In July 2021, NortonLifeLock, a well-known security software developer, announced a merger with Czech security software developer Avast. At that time, the transaction price was $7.2 billion, and now it seems to be $8.1 billion. Of course, such large mergers require the approval of multinational regulators.
Just when everyone thought it was impossible to pass the trial, the British antitrust regulator took a 180-degree turn and announced that it would approve the $8 billion merger transaction between Avast and the American software company NortonLifeLock. As a result, Avast’s stock price jumped as much as 43% yesterday.
Britain’s Competition and Markets Authority announced on Wednesday that it had tentatively agreed to the deal, saying competition from other players in the market was already strong enough, including rival McAfee.
NortonLifeLock, formerly known as Symantec is an Internet security technology manufacturer headquartered in Tempe, Arizona, USA, founded on March 1, 1982, and has a global presence. Branches in 40 countries.
Of course, a few years ago Symantec was sued by Google and the Mooise Foundation for serious issues with SSL certificates then went bankrupt and sold the business. Norton at the time was later renamed NortonLifeLock and continued to provide consumers with security software services, including Norton 360 and more.
Another, Avast Software is a computer security company headquartered in Prague, Czech Republic, which develops computer security software, machine learning, and AI. The company has about 1,700 employees in 25 offices around the world, has more than 435 million monthly active users, ranks second in market share among global antivirus software vendors, and previously acquired the developer of cleaning tool CCleaner.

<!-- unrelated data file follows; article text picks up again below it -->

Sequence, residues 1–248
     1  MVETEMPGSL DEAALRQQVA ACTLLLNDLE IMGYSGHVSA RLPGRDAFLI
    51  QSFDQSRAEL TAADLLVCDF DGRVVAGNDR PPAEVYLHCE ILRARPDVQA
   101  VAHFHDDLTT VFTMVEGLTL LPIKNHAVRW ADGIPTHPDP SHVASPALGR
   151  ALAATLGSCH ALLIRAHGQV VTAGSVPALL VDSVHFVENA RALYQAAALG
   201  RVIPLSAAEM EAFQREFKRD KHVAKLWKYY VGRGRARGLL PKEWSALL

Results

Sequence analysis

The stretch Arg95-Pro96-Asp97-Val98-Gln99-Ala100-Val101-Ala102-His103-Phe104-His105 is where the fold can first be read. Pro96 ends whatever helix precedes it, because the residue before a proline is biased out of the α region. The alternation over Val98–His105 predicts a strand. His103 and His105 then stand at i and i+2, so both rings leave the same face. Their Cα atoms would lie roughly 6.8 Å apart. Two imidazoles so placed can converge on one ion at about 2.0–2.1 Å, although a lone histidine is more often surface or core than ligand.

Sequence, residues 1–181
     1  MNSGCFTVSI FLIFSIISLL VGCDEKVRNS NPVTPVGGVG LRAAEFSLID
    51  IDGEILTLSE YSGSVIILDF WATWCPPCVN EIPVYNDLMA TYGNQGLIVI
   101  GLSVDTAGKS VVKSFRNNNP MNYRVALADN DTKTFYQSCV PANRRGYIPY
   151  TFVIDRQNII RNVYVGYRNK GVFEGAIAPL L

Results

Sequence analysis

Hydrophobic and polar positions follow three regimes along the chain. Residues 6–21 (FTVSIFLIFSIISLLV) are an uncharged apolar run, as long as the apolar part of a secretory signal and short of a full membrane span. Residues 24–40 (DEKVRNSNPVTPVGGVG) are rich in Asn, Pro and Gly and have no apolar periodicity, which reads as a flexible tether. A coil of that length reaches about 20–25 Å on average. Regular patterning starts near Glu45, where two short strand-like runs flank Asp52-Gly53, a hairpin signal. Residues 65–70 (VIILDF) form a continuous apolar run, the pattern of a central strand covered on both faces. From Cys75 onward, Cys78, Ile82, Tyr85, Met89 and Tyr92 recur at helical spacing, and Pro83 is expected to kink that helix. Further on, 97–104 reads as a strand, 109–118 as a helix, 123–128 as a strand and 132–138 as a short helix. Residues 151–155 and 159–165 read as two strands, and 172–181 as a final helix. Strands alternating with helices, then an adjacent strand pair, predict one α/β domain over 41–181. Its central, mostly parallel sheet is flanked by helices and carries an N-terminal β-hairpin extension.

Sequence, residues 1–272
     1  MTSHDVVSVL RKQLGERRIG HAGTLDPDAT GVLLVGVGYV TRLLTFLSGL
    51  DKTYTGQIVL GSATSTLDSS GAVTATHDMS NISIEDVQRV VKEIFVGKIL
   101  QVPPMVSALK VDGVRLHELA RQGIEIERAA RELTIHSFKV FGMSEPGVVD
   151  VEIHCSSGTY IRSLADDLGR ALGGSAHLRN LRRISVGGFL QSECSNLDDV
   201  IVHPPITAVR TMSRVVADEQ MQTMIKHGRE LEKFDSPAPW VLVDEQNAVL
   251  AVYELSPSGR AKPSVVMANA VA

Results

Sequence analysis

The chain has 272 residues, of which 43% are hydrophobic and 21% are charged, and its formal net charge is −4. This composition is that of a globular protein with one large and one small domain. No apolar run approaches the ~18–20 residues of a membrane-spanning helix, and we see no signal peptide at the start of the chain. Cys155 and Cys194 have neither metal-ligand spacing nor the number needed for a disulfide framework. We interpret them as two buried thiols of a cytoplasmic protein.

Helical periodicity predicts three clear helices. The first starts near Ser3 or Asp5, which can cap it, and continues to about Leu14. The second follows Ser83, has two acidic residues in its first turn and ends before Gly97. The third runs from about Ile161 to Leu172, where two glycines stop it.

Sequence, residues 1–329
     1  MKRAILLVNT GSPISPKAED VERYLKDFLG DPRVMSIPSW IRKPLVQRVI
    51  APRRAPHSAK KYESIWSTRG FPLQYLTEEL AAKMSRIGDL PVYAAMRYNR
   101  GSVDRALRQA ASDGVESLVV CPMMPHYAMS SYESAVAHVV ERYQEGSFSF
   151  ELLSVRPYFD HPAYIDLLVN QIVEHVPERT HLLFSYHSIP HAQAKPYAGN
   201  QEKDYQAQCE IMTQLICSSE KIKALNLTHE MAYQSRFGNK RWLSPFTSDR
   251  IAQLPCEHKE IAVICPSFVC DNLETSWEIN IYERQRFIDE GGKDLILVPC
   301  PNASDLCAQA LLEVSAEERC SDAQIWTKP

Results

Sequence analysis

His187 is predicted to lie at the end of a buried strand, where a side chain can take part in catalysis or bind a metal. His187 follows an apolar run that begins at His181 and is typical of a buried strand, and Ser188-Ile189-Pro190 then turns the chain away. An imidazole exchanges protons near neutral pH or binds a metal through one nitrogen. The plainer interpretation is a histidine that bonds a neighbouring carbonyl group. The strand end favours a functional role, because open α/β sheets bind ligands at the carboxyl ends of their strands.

Avast was founded in 1988 by Pavel Bodie and Edward Cussera. In July 2016, Avast acquired rival AVG Technologies for $1.3 billion. Interestingly, the UK government was opposed to the investigation a year ago, as the merger of the two security giants has few significant competitors. As a result, the attitude reversed a year later. The UK believed that Microsoft was already in a unique position in the market, so the merger of NortonLifeLock and Avast would not cause any competition problems.
The CMA said in March it was concerned that the merger would reduce competition and that consumers would be forced to accept higher prices. However, the regulator said Wednesday that after a more detailed analysis, it concluded that the combined business faces “significant competition” from McAfee and a range of other suppliers.
The regulator will receive responses from interested parties ahead of its final report in September. The two companies had hoped to close the deal in April. In a statement Wednesday, NortonLifeLock said Sept. 12 was the first possible closing date based on the CMA’s schedule. The company said it intends to “work with the CMA and Avast to enable the release of the CMA’s final report as soon as practicable”.
The cash-and-stock deal, which values Avast at between $8.1 billion and $8.6 billion, will create a business that sells security software to 500 million customers. Avast CEO Ondrej Vlcek will become president of the combined business.
NortonLifeLock CEO Vincent Pilette said he plans to cut 1,000 jobs in the combined group. The deal would give the enlarged company more clout in an increasingly crowded market. Big tech groups like Google, Microsoft, and Apple are gradually building security software into their operating systems.